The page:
This is a real flesh and blood baby we’re talking about, not some manifestation of wishful thinking. This is not an indifferent God dwelling somewhere up and heaven. Heaven and earth have been joined. There is no longer any separation between us and God. That is the source of our wonder and awe on this holy night.

There is another implication that is important for us to notice in this story. If God was willing to take on human form, then maybe we aren't the horrible depraved species that we think we are. When God completed the first act of creation, God saw that it was very good. We have been created by God, and we are very good. Otherwise, how could God have taken on humanity? We have always been intended to be good, to be holy. It is our nature, because we are created in the image of God, and goodness, holiness, is the nature of God.

With the birth of the Christ child, and the division between heaven and earth being bridged, all of creation is now given the opportunity to be made new. As the people of God, we are now invited to become members of this new Kingdom of God, and be the God’s agents in bringing heaven to earth; to continue the ministry of Jesus in the world today by proclaiming that the wall between heaven and earth has been torn down.

So, what do we do with this new reality of heaven and earth being joined? Let’s return to the manger.

The true miracle of Christmas is that God incarnate, God made man, was a real, live, baby. And just as with all babies, one of his greatest needs was to be held in human arms, touched by human hands, and soothed by human words of love and reassurance.

At Christmas we are all called to treat others as we would Christ. As we long to cuddle and soothe the Christ child, so we find our arms wrapping around others who need to know of the love of God revealed through Christ in their lives.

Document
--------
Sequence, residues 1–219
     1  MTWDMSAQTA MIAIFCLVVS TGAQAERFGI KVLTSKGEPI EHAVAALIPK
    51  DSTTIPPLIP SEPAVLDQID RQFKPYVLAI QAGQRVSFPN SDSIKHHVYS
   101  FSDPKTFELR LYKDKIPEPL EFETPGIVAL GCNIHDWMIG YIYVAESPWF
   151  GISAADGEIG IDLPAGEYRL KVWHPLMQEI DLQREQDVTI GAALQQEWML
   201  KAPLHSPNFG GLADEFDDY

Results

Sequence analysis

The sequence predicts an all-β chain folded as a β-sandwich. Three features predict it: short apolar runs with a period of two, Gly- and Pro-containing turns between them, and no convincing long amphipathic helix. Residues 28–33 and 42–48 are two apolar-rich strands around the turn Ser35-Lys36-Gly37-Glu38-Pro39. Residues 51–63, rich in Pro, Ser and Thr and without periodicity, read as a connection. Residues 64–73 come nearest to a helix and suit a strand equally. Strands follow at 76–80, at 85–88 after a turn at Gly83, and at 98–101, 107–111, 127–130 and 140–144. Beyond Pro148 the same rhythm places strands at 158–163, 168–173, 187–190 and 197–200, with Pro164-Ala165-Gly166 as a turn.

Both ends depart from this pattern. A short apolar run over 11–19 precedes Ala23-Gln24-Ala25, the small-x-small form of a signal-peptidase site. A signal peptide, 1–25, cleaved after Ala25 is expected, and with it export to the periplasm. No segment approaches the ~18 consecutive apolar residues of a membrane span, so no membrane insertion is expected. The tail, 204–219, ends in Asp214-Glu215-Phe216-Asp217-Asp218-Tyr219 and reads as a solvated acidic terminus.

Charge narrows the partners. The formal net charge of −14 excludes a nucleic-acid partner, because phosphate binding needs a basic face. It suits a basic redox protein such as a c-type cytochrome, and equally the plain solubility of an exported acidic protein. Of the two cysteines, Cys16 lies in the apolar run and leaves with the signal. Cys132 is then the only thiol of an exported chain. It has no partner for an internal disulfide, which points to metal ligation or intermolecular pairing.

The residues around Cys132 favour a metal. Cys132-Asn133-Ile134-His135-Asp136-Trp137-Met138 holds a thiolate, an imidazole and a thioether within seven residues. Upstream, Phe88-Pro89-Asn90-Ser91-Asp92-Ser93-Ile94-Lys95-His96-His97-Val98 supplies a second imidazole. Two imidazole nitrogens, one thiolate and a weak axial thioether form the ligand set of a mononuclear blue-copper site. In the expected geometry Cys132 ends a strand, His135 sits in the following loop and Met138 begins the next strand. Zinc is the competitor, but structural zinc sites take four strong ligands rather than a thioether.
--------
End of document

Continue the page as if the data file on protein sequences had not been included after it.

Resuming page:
Preacher Donald J. Shelby tells this story about how we can be changed by reflecting on thisholy night:

A soldier was concluding sentry duty on Christmas morning. It had been his custom in other years to attend worship in his home church on Christmas Day, but here in the outlying areas of London, it was not possible. And so, with some of his buddies, the soldier walked down the road that led into the city just as dawn was breaking. Soon the soldiers came upon an old graystone building over whose main entrance were carved the words, "Queen Anne's Orphanage." They decided to knock and see what kind of celebration was taking place inside. In response to their knock, a matron came and explained that the children were war orphans whose parents had been killed in the bombings.

The soldiers went inside just as the children were tumbling out of their beds. There was no Christmas tree in the corner and no presents. The soldiers moved around the room, wishing the children a Merry Christmas and giving as gifts whatever they had in their pockets: a stick of chewing gum, a Life Saver, a nickel or a dime, a pencil, a knife, a good luck charm. The soldier noticed a little fellow standing alone in the corner. He looked a lot like his own nephew back home, so he approached and asked, "And you, little guy, what do you want for Christmas?" The lad replied, "Will you hold me?" The soldier, with tears brimming his eyes, picked up the boy, nestled him in his arms, and held him close.


One of the names for Jesus is Emmanuel, which means "God with us. Emmanuel means God no longer hides in heaven. God is with us, with open arms.

May Christ be born within our hearts this Christmas. And then, may we love and nurture the Christ child within one another, that together we might reach out with open arms to those in need, proclaiming through our actions the good news;

To you is born this day in the city of David a Savior, who is the Messiah, the Lord.
Glory to God in the highest heaven,
and on earth peace among those whom he favors!


J.